Collagen Injections by Women Surgeons

Collagen Injections by Women Surgeons

A protein that occurs naturally in the connective tissues and flesh of many different kinds of mammals, collagen is used by many experts in the plastic surgery industry to help provide a firm yet flexible foundation of support for the different sections of the body that are being adjusted. Collagen may be used in adjustments made to inner elements of the body such as the bones, joints, or ligaments, or to add support in more surface adjustments such as corrections made to the skin. Because collagen is one of the most abundant types of protein found in the mammal’s tissue system, it interacts well with the human body when inserted into problematic areas and performs its task subtly. Collagen is said to make up nearly a third of the protein content in the body of most mammals.

The collagen used in most plastic surgery is an injectable form of the protein copyrighted by the Collagen Corporation. Distributed under the brands Zyplast or Zyderm, this injectable collagen meets all the strict health standards of the industry. The collagen found in Zyplast and Zyderm is derived from a bovine source. It is highly purified and thoroughly processed both to meet safety requirements and to transform it into a substance that bears as close a resemblance to human collagen as possible. Bovine collagen that has been purified and processed into an injectable form has been approved by the FDA for 30 years, having first received official government sanctioning in 1981. It is currently made available in a wide variety of consistencies and thicknesses so that your plastic surgery experience can be tailor-made as close as possible to your specific wants and needs.

Principally employed to help the plastic surgeon tweak the facial features of the patient such as by filling in lines or wrinkles on the face or even to cover up prominent scarring, collagen is also employed, although to a lesser degree, in other areas of the body such as the back, neck, and chest. In these and other areas its primary function is to perform cosmetic adjustments such as smoothing and filling dips and unwanted lines.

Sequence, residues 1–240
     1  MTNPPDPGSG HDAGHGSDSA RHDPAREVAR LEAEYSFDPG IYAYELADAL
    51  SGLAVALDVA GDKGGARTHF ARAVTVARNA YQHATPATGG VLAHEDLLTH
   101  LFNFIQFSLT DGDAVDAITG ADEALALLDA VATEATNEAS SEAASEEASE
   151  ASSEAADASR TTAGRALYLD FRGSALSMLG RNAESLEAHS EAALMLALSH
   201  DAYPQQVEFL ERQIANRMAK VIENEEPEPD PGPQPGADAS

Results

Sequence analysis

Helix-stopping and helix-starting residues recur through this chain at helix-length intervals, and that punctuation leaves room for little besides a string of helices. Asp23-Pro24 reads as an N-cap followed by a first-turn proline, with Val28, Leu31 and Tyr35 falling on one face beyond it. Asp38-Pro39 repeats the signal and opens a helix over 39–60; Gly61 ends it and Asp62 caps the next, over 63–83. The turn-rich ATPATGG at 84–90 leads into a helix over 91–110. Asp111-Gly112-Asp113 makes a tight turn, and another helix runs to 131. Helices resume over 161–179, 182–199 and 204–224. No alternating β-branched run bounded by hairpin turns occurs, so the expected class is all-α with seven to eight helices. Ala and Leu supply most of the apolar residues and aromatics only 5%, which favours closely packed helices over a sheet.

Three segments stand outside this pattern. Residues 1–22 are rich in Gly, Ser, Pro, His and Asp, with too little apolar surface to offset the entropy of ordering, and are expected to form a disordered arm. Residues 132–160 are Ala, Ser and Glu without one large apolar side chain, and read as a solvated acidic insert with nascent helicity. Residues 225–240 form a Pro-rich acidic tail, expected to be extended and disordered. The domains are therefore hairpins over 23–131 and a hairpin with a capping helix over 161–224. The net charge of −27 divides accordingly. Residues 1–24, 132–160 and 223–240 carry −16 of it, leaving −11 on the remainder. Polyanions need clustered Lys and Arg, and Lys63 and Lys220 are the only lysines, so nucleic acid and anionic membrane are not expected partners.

The collagen used by plastic surgeons is usually mixed with an anesthetic agent known as lidocaine. This mixture rules out the need for other anesthetics during the operation. If the patient is particularly affected by pain, he or she may request an additional anesthetic such as a Freon spray or a topical cream to completely remove all feeling from the area that is to be adjusted. Sedatives and anesthetic injections are also available.

How It Is Done

First, a skin test must be taken to ensure that you are not allergic to collagen. Once this test is administered and verified, the surgeon will use a thin needle to inject the collagen into several positions around the fringe of the specified location. Unless you have previously requested some form of extra anesthesia, you will probably feel a slight tingling or smarting sensation as the collagen is injected.

The collagen mixture contains small amounts of salt water, which will disperse into your body in less than a week. Because of this, don’t be surprised if the specified treatment location appears at first to be slightly overfilled. You will have access to hand mirror during the entire procedure so that you are able to guide the doctor as to exactly how much collagen you wish to have inserted.

What Comes Next

Sometimes there is a vague appearance of bruising or swelling after the procedure. This usually goes down quickly along with any redness or slight irritation that may have shown up on the skin. In a few patients with very light skin color, redness can stick around for up to or slightly more than a week. An extremely small amount of scabbing may occur at the points where the needle was inserted. These are normal side effects, but feel free to contact your doctor with any concerns.

There are no restrictions on eating, drinking, or wearing sunscreen or makeup after a collagen treatment. No bandages will be necessary for the treated area and all slight side effects should disappear after a couple of days.

Conclusion

How long the effects of the collagen treatment will last depends greatly on the patient’s body as well as his or her day to day life and activities. Where on the patient’s body the treatment was performed also has an effect on its longevity as collagen tends to linger longer in areas that are less prone to muscle movement below the surface.